While the Social Security Administration has announced there will be no cost-of-living adjustment (COLA) in 2016 due to a decrease in the Consumer Price Index (a measure of inflation), other numbers regarding eligibility for disability and average benefits have changed for 2016.
An applicant for disability benefits through the Social Security disability insurance (SSDI) or SSI programs must be making less than $1,130 per month (up from $1,090 per month in 2015) to qualify for benefits. (Blind applicants can make up to $1,820 per month). Anyone working above those limits is considered to be doing "substantial gainful activity" (SGA).
SSDI recipients who attempt to return to work through a trial work program will have a month count as a trial work period month if they make more than $810 per month (up from $780 per month in 2015).
There is no increase in Social Security and Supplemental Security Income (SSI) benefits for 2016 due to a lack of COLA this year. (The last time there was no COLA for Social Security benefits was in 2011.) The average and maximum Social Security benefit amounts have changed slightly, however.
While exact Social Security retirement and disability benefit amounts depend on the lifetime earnings of the recipient, Here are the average benefit amounts for 2016:
The 2016 maximum Social Security retirement and disability benefit has actually decreased by $24, to $2,639. This decrease is due to a combination of the the lack of a cost-of-living increase for 2016 and a rise in the national average wage index.
The SSI federal base amount remains at $733 per month for an individual and $1,100 per month for a couple, although the SSI payment amounts can be higher in states that pay a supplemental SSI payment to SSI recipients.
Taxes on Social Security benefits, SSI benefit amounts, and the reduction in early retirement benefits for making more than the yearly earnings limit will stay the same for 2016.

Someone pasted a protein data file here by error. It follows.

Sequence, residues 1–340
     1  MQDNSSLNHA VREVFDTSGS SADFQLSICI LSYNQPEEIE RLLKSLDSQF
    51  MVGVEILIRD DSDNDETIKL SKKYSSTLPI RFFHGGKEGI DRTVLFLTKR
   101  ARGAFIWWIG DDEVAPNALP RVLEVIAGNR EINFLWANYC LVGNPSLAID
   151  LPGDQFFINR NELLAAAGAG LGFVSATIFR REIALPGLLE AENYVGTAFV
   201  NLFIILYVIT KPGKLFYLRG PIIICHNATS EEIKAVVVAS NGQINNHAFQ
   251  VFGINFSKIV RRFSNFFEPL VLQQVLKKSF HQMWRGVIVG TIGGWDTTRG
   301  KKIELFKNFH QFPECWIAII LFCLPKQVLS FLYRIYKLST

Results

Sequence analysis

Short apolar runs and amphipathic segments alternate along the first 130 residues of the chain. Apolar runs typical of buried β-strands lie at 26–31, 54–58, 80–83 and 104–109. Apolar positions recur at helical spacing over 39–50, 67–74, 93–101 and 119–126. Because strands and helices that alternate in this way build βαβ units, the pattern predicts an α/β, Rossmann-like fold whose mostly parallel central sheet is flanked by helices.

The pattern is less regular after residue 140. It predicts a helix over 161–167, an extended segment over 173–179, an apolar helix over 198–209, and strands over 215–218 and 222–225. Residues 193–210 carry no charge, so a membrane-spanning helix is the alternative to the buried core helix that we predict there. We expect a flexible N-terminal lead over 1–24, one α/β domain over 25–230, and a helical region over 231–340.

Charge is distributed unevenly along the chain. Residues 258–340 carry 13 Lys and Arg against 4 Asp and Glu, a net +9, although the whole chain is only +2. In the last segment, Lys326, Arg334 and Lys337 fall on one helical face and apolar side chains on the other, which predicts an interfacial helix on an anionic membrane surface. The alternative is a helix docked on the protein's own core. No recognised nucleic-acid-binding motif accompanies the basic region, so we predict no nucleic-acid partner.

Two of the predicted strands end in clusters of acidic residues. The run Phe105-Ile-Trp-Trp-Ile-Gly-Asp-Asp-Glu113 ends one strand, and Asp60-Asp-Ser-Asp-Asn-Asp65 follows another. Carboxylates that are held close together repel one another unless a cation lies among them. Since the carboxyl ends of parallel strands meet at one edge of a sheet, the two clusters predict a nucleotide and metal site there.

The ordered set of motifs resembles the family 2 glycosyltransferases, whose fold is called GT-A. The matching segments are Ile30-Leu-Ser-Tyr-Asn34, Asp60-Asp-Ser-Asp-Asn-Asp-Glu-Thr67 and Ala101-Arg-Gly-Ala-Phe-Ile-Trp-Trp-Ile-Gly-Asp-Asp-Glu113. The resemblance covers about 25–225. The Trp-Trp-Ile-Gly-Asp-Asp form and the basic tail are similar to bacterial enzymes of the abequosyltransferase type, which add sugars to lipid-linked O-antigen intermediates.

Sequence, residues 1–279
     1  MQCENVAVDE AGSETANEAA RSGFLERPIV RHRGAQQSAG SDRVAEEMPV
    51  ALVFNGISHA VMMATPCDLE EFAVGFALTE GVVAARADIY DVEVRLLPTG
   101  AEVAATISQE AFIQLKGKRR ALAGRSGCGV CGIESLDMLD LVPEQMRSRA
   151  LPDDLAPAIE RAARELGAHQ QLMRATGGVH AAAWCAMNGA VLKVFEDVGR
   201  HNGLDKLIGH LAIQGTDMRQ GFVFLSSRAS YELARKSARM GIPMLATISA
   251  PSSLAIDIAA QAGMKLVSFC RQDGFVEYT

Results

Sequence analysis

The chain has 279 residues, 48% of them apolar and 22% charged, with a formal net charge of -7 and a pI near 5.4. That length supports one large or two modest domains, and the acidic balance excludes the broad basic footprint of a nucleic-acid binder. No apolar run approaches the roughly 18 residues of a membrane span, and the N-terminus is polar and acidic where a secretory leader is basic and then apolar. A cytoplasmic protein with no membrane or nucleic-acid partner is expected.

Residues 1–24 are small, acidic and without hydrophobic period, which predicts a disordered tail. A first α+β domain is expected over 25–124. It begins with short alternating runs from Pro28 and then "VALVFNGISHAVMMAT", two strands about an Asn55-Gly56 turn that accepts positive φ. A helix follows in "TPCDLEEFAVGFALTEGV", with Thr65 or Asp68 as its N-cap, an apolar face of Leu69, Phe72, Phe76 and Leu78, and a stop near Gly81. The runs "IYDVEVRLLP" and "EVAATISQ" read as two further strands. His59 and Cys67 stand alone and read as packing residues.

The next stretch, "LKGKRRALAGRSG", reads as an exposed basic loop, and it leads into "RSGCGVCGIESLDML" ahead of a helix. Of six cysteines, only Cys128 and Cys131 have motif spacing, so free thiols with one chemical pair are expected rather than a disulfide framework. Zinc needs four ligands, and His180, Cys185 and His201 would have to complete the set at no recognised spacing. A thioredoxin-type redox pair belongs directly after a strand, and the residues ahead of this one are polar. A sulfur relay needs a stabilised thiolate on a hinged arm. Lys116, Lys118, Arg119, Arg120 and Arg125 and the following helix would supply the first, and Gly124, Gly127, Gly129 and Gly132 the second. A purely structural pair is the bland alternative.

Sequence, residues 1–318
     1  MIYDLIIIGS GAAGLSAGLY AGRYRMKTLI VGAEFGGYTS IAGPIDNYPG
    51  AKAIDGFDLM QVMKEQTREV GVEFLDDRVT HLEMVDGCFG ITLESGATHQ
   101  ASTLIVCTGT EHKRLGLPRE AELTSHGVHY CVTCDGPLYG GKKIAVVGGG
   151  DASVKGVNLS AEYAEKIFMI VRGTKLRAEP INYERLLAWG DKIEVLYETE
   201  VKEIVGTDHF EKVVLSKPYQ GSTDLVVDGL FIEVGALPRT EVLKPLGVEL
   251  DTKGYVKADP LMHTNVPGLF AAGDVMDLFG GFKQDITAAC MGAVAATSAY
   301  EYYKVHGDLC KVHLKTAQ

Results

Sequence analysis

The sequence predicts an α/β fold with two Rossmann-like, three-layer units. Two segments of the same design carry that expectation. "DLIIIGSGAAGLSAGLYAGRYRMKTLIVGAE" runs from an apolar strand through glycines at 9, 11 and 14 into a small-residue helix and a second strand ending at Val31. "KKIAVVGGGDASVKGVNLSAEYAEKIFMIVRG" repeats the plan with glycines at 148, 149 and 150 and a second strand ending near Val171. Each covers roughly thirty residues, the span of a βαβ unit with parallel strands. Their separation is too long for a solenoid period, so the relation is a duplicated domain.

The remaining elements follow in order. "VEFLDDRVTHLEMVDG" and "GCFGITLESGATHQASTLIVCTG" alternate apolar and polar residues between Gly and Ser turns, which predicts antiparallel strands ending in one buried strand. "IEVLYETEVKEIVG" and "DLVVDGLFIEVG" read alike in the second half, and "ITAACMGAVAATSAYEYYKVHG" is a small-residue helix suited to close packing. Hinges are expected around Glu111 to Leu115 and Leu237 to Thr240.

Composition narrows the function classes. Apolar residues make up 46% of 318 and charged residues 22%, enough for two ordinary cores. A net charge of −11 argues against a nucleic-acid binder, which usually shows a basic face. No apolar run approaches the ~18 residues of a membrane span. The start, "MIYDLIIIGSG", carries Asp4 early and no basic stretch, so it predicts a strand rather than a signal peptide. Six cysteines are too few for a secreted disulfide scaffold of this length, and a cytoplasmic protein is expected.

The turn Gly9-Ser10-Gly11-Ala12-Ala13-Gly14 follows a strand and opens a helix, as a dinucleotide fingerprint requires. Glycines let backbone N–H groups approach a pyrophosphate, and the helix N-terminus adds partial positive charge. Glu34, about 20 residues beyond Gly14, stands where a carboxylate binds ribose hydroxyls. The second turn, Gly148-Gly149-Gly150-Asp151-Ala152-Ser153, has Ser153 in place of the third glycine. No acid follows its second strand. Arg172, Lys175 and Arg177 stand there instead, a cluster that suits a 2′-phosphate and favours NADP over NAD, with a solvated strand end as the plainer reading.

Early retirement and working. Those who collect early retirement benefits but continue to work have their benefits reduced when they make over $15,720 per year ($1,310 per month). But in the year recipients reach full retirement age, they can make up to $3,490 per month without having retirement benefits taken away. (After the worker reaches full retirement age, benefits aren't reduced regardless of the any amount of work or earnings. In addition, the retirement benefits deducted while you were working are added back to your retirement check over the next 10-15 years.) These numbers have not increased from 2015.
Social Security taxes. The maximum amount of earnings that is subject to the Social Security tax is $118,500 in 2016. There is no limit to the amount of income subject to the Medicare tax. This number has not increased from 2015.
SSI income limit. The federal income limit for SSI remains at $733 per month, but complicated rules govern what income is countable and what income is not. You can have earned income (from work) of over $733, but it's likely to reduce one's SSI benefits. Once you reach $1,551 in earned income, you can no longer qualify for any SSI. In some states that make extra payments to SSI recipients, the income limit for SSI recipients may be higher.
Student income. The income exclusion amount for students remains at $1,780 per month (up to an annual limit of $7,180).
Assets. The resource (asset) limits for SSI remains the same ($2,000 for an individual and $3,000 for a couple).
The Social Security figures and limits for 2015 can be found in the 2015 update.